Question about the rest frame of a photon

In summary, Einstein considered the concept of an observer riding along with a photon and realized it was not possible. This means that concepts like a "rest frame" and "flow of time" are meaningless for photons. Additionally, photons are created at the speed of light, so they do not experience any acceleration.
  • #1
member 342489
[Mentors’ note: this thread was split from the FAQ at https://www.physicsforums.com/threads/rest-frame-of-a-photon.511170/]

I am not an expert!

As I understand it, Einstein considered, what a guy standing in a photon will experience if he look at his watch.

My understanding says, that the guy, and the photon does not experience the flow of time, and also no other measurable change.

If my understanding is correct, should the universe then not be a singularity, when experienced from a photon?
 
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  • #2
Brian E said:
Einstein considered, what a guy standing in a photon will experience if he look at his watch.

No, that's not what Einstein considered. He considered whether it was even possible for someone to be riding along with a photon. And he realized that it was not possible to do that, because someone riding along with a photon would see it as a standing wave, oscillating in space but not in time; but there is no solution of Maxwell's Equations in free space that describes a standing wave. There are only solutions describing waves traveling at ##c##.

Brian E said:
My understanding says, that the guy, and the photon does not experience the flow of time, and also no other measurable change.

No, that's not correct. The correct understanding is that it is impossible for an observer to ride along with a photon, and concepts like "rest frame" and "flow of time" are meaningless for photons.
 
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  • #3
Brian E said:
[Mentors’ note: this thread was split from the FAQ at https://www.physicsforums.com/threads/rest-frame-of-a-photon.511170/]

I am not an expert!

As I understand it, Einstein considered, what a guy standing in a photon will experience if he look at his watch.

My understanding says, that the guy, and the photon does not experience the flow of time, and also no other measurable change.

If my understanding is correct, should the universe then not be a singularity, when experienced from a photon?
The problem with your analysis is this: A guy riding on a photon would be a rest relative to the photon. This would mean that there is an inertial frame in which a photon is at rest. But by definition, a photon travels at c in all inertial frames. Thus you have posited a frame in which a photon is BOTH at rest and traveling at c. Makes no sense.

All I've done is just say the same thing the thread you linked to
 
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  • #4
PeterDonis & phinds Thank you both.

I think I understand better now.
I actually were told years ago, that photons travel at c relative to any observer, but now I get it (I think )

but that must make photons able to beeing emitted without experiencing any acceleration?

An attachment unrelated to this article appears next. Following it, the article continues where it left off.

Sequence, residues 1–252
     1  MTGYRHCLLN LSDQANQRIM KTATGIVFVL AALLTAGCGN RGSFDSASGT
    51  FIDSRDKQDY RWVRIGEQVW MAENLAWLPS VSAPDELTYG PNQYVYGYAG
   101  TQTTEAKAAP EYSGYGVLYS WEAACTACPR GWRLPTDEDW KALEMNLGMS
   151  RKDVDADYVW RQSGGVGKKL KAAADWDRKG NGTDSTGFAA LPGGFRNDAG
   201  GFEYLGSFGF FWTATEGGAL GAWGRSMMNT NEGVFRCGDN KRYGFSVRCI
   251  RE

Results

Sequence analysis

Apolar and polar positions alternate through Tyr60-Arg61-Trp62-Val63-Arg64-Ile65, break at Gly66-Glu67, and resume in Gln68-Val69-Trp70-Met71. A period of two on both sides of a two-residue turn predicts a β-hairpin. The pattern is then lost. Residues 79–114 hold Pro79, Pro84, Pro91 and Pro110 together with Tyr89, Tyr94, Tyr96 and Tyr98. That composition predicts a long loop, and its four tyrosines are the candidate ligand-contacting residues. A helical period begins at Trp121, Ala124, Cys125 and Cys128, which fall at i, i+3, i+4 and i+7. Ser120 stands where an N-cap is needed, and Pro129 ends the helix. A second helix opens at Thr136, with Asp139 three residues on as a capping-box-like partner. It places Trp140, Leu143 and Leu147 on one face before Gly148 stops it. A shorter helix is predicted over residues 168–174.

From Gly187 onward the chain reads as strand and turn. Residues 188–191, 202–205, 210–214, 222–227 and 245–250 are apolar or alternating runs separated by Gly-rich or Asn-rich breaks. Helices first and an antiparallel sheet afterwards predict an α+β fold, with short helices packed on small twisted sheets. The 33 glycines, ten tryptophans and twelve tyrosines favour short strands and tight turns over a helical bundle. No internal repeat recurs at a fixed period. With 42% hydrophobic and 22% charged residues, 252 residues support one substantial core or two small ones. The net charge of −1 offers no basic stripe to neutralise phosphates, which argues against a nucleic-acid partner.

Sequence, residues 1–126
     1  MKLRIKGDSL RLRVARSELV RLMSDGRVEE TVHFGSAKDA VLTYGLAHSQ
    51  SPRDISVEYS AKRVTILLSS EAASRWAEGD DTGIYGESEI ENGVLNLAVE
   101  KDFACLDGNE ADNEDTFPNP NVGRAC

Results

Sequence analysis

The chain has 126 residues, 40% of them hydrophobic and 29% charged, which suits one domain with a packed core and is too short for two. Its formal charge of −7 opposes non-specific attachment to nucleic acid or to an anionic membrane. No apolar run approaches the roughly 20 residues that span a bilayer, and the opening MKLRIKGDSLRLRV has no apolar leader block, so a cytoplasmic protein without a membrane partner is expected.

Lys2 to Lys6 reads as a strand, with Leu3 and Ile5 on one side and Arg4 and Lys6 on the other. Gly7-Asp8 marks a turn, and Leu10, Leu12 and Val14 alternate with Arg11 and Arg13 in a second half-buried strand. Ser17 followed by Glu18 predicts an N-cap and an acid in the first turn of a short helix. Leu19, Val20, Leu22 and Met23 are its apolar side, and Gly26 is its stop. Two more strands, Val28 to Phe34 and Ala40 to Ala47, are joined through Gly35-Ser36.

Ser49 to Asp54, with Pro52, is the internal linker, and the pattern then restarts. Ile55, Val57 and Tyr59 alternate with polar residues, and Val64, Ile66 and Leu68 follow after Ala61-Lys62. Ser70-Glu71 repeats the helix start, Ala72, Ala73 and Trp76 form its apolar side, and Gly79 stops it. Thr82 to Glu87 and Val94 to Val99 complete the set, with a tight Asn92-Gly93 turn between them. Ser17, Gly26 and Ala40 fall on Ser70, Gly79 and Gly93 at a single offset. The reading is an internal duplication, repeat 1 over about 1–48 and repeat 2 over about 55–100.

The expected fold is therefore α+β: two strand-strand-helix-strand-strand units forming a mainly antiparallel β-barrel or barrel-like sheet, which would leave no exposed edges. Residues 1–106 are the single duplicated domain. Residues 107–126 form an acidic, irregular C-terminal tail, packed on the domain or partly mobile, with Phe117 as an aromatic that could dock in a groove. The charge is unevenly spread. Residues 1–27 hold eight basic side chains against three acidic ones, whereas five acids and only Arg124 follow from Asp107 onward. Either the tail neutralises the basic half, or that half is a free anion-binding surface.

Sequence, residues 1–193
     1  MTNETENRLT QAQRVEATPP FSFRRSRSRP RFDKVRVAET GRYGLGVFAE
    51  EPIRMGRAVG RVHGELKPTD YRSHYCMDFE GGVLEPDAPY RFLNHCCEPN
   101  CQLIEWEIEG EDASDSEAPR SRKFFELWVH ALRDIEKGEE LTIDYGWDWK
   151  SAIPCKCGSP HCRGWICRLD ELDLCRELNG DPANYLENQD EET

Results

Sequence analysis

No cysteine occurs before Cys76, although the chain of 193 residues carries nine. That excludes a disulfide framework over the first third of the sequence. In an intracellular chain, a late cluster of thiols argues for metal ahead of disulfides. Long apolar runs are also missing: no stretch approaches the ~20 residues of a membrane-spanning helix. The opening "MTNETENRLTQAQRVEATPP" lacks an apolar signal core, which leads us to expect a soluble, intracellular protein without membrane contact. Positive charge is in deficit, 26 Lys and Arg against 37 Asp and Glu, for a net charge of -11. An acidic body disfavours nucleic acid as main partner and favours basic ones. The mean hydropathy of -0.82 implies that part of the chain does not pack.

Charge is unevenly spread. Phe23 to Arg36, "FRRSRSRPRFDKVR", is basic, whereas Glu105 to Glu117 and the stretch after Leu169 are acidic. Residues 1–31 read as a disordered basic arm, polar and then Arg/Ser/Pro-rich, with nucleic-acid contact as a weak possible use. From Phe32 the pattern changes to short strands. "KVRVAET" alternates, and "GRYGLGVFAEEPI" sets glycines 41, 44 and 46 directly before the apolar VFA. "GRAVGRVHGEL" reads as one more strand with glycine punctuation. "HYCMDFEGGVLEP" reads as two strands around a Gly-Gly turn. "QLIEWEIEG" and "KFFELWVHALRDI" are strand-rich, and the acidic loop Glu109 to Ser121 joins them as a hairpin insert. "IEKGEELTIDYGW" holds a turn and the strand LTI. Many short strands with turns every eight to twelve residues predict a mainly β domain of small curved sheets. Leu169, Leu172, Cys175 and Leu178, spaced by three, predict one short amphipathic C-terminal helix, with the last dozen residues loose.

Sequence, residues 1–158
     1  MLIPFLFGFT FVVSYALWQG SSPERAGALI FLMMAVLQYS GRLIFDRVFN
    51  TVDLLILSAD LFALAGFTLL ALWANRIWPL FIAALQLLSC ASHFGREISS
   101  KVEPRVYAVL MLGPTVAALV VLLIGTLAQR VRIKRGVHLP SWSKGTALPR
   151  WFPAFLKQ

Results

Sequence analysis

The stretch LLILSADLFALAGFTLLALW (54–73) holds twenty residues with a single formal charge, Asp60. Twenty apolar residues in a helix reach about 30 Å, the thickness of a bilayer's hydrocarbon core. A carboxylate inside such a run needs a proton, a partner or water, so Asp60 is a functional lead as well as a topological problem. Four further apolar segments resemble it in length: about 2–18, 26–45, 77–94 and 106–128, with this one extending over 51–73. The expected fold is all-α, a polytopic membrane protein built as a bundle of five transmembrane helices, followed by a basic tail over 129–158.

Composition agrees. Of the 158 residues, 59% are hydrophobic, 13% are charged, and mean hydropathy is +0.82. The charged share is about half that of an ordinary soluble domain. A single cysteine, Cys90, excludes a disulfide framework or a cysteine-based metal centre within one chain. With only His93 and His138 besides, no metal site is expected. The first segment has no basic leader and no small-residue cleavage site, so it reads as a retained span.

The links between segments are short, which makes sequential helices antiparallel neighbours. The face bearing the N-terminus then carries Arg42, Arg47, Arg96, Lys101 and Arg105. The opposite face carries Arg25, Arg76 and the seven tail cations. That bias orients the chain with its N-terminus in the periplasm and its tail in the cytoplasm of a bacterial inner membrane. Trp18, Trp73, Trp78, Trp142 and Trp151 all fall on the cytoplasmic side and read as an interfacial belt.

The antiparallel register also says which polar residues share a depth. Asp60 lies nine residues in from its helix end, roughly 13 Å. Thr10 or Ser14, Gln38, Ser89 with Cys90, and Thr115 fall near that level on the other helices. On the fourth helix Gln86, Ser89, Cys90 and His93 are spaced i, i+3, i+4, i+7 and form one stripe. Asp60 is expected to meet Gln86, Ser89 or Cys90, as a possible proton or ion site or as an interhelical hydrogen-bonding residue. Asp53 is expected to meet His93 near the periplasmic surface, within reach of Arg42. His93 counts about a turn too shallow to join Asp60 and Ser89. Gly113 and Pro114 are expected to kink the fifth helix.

• #5
Brian E said:
but that must make photons able to beeing emitted without experiencing any acceleration?
Yeah, I had a little trouble with that when I first learned about this, but yep, that's the way it is. They travel at c as soon as they are created.
 
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  • #6
Brian E said:
that must make photons able to beeing emitted without experiencing any acceleration?

Photons are created when they are emitted, and they are already moving at ##c## when they are created. So they don't need to accelerate.
 
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  • #7
Okay and thanks phinds & PeterDonis.
 

Related to Question about the rest frame of a photon

1. What is the rest frame of a photon?

The rest frame of a photon is a theoretical concept that describes the state of a photon when it is not in motion. Since photons always travel at the speed of light, they do not have a rest frame in the traditional sense. However, the concept is still useful in understanding the behavior of photons in different reference frames.

2. Why is the rest frame of a photon important?

The rest frame of a photon is important because it helps us understand the behavior of light in different reference frames. It allows us to make predictions about how light will behave in different situations, such as when it is moving at different speeds or when it is interacting with matter.

3. How is the rest frame of a photon different from other particles?

The rest frame of a photon is different from other particles because photons always travel at the speed of light, while other particles have varying speeds. This means that photons do not have a rest frame in the traditional sense, but rather a frame of reference in which they are not moving.

4. Can the rest frame of a photon be observed?

No, the rest frame of a photon cannot be observed directly. Since photons always travel at the speed of light, they do not experience time or distance in the same way that we do. This means that we cannot measure their rest frame in the same way that we can measure the rest frame of other particles.

5. How does the rest frame of a photon relate to the theory of relativity?

The rest frame of a photon is an important concept in the theory of relativity. It helps us understand how light behaves in different reference frames and how it is affected by the principles of relativity, such as time dilation and length contraction. The theory of relativity also explains why the rest frame of a photon cannot be observed directly.

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